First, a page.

August 27 Tuesday

Can Law Keep Up?, Joshua Fairfield, Professor, Washington and Lee School of Law

12:05PM to 1:30PM

SLB Room 122

The future is coming fast, and we need to work together to decide how to meet the challenges of rampant technological progress. Dragnet surveillance, artificial intelligence, autonomous vehicles, biohacking, and 3D printing. Can law keep up?

September 3 Tuesday

Facebook Under Investigation, Adrian Kuenzler, Assistant Professor of Law, University of Zürich, Switzerland

12:05PM to 1:30PM

SLB Room 122

A rapidly growing number of competition agencies are concerned that new technology firms have gained far-reaching control over citizens’ digital lives in the areas of e-commerce, online search, and societal networking.

September 10 Tuesday

Rethinking Health Data Governance, Keith Porcaro, co-founder of Digital Public

12:05PM to 1:30PM

SLB Room 122

Data is potential. Datasets are routinely reused and repurposed, combined with other datasets, or fed into machine learning models to yield new inferences or discoveries. Precisely what a given dataset will yield is uncertain: the value—or harm—that a single dataset could produce is difficult, if not impossible, to fully forecast in advance. In health, the routine of reusing and repurposing health-related data is foundational to advancing medical knowledge.

September 17 Tuesday

Adapting to Cybersecurity Threats: The Demand for Combined Capabilities, Jesse Sowell, Assistant Professor, Texas A&M

12:05PM to 1:30PM

SLB Room 122

Remediating sophisticated, transnational cybersecurity incidents requires a combination of technical, operational, organizational, and legal capabilities distributed amongst an equally diverse set of state and non-state (private) actors.  Existing, successful instances of such remediation efforts---referred to as combined capabilities---are based on a seemingly uncommon alignment of norms, goals, and values between state and non-state actors.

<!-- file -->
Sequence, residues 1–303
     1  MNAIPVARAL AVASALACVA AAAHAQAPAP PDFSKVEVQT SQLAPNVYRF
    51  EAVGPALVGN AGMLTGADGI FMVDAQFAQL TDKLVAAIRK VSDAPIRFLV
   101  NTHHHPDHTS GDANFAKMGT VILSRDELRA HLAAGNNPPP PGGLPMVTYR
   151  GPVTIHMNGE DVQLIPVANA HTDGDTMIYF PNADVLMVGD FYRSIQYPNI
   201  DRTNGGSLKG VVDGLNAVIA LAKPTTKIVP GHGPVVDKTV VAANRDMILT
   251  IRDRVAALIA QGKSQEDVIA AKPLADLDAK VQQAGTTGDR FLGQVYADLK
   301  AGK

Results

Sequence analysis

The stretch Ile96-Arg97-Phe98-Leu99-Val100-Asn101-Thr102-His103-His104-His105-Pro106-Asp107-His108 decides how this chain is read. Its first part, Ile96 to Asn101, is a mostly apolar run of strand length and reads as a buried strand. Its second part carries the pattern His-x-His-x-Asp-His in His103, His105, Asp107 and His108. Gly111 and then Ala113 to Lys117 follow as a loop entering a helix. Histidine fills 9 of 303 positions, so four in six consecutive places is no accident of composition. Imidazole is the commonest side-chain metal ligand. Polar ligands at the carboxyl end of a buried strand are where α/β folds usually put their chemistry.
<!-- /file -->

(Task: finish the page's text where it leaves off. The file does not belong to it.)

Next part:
September 24 Tuesday

Poynter Fellow: Who shapes public opinion? Social media and social movements in Asia and the United States, Jyoti Thottam, Opinion Editor, NY Times

12:05PM to 1:30PM

SLB Room 122

"Who shapes public opinion? Social media and social movements in Asia and the United States."

September 27 Friday

Book Talk: Between Truth and Power, Julie E. Cohen. Professor of Law and Technology, Georgetown University Law

12:05PM to 1:30PM

SLB Room 128

In Between Truth and Power, Julie E. Cohen explores the relationships between legal institutions and political and economic transformation

October 1 Tuesday

Is There Life after the End of Privacy? Reflections on the Coverage of Tyler Clementi’s Suicide, Richard Miller, Professor, Rutgers University

12:05PM to 1:30PM

SLB Room 122

Richard Miller's book, On the End of Privacy: Dissolving Boundaries in a Screen-Centric World (UPitt, March 2019), focuses on the events leading up to the suicide of Tyler Clementi and the trial that followed, where Clementi’s roommate was charged with a series of hate crimes for having used his webcam to spy on Clementi kissing another man. With access to the text messages, tweets, and chatroom posts of those directly involved in this tragedy, Miller asks: why did no one intervene to stop the spying?

October 4 Friday

AAC 2019: Accountability in Partisan Times

8:00AM to 5:45PM

SLB Room 120

This conference is made possible by the generous support of the John S. and James L. Knight Foundation, Democracy Fund and Legal Clinics Fund.

October 4 Friday

Checks, Balances and the Trump Administration

4:20PM to 5:00PM

SLB Room 127

The current Administration has been criticized for using executive orders and administrative actions to dismantle regulatory regimes without apparent regard for existing law or established fact, and doing so in ways that dodge the checks and balances of congressional and judicial oversight. This panel will assess how constitutional structures and historic practices intended to promote Executive Branch accountability are performing in an era of expansive executive power, fake news, and the Trump management style.

October 8 Tuesday

Coerced Sterilization of Mexican-American Women: The Story of Madrigal v. Quilligan

12:05PM to 1:30PM

SLB Room 122

This chapter tells the story of Madrigal v. Quilligan, an unpublished decision from a California federal district court refusing to remedy sterilization abuse in the early 1970s. After a whistleblower leaked evidence of rampant sterilization abuse at the Los Angeles County USC Medical Center, ten women (the Madrigal Ten) filed a lawsuit alleging that medical personnel systematically coerced Mexican-American women into submitting to sterilization. The case dramatically altered public consciousness and public policy on coerced sterilization.

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